Publisher: Valiant Comics
Writer: Rafer Roberts
Artist: David Lafuente
The world of comic books has a number of notable duos that are highly regarded. Although Archer and Armstrong may not have the notoriety of some of the more infamous duos like Batman and Robin or Bucky and Captain America they still hold a special place in comic history. In 2012 Valiant relaunched them in a brand new that was highly successful and now they are at it again with another ongoing.
This time Rafer Roberts and David Lafuente are at the helm. After the first volume it appears these characters are once again in good hands. The story revolves around Armstrong as he attempts to make peace with a mistake he made long ago. In true Armstrong fashion this journey sees him travel into his magical bottomless satchel to locate a bottle of whiskey he misplaced. Inside this satchel is a world full of crazy creatures and an amazing stock of top shelf alcohol. It all ties to a falling out he had with a former friend decades ago. Of course this journey has some unintended consequences as Armstrong leaves the satchel open causing a number of monsters to escape including the demon Bacchus who gets much of his power from partying frat boys. So basically true evil incarnate. It is then up to Archer, Armonstrong, and some unlikely allies to stop Bacchus from reeking his havoc.
This is the type of story that reminds you what is special about comics. Even with all the television and movie adaptations that have come out none could quite handle a story of this insane magnitude. There is a special type of tone you need to nail for this to be more than a funny story about crazy people doing crazy things. Rafer Roberts does that by writing his dialogue in such a way that recognizes the insanity, but at the same time does not lose the ability to build the a final moment of emotional resonance. Those emotional moments never over stay their welcome. Before things get too sappy a well timed piece of levity will occur.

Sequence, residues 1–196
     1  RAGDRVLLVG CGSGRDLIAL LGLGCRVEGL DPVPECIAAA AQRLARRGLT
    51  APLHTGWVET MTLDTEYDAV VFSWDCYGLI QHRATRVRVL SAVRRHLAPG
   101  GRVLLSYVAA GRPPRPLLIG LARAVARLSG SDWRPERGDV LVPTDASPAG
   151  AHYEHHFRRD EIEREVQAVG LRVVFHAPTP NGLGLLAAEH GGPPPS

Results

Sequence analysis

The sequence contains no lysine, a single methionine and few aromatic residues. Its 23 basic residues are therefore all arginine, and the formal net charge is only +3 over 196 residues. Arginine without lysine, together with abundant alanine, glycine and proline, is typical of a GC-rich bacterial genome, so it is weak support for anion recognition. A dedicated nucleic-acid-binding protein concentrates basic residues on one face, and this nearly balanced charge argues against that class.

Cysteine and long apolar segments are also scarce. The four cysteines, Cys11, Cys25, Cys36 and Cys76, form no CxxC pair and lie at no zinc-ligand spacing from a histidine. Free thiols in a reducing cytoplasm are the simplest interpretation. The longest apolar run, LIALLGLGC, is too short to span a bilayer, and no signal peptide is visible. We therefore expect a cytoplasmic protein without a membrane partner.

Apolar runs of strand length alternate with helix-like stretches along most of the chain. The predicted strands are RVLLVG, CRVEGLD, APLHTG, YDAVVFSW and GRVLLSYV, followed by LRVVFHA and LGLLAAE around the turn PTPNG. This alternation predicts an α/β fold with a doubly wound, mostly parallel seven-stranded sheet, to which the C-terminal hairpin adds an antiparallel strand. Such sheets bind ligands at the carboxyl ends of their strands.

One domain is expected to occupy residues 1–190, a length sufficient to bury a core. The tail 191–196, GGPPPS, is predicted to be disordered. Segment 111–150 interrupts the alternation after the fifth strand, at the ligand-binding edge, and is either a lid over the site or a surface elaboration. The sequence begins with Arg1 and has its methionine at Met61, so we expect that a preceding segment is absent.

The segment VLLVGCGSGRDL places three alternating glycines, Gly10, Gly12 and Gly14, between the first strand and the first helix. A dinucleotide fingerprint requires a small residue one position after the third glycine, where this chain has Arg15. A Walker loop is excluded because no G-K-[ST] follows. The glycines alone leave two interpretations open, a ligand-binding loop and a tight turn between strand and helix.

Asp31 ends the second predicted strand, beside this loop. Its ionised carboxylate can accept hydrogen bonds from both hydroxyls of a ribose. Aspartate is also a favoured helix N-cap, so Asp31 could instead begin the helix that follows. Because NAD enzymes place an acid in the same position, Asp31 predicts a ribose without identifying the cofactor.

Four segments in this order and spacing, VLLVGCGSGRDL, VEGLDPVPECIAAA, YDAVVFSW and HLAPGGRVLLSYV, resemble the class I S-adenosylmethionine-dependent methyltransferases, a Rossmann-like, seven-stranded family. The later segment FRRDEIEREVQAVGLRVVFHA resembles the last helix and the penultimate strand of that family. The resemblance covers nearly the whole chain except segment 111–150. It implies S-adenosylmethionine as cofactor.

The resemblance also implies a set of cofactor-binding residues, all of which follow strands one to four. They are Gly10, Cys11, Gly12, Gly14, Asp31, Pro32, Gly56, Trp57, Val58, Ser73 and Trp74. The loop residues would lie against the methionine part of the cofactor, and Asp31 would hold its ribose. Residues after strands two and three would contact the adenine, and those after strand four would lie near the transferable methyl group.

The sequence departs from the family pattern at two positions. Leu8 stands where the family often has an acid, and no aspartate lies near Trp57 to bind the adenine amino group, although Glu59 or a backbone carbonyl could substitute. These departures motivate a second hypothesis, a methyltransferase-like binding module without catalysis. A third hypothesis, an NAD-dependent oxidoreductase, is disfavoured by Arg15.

David Lafuente’s art is a key piece to the success of this story so far as well. It is not the type of art that will amaze you panel to panel. There is a timeless quality to it that will appeal to both longtime fans and new readers. His action sequences are clean and crisp, and he really takes advantage of the world inside the satchel creating some unique creatures and world designs.
Perhaps the biggest question is how welcoming is this series to new readers. If you never read and Archer and Armstrong book before or even anything by Valiant this is actually a great place to start. There are some details that may go over your head. Some hints at character backstories that are not finely worked out here, however enough is given to understand the broad strokes of all the different relationships. Why it will work for new readers though is because it gives you a great understanding of Archer and Armstrong, what drives them, and the type of stories you can expect moving forward. If you are looking for a comic that both feel fresh and familiar this is a great place to start.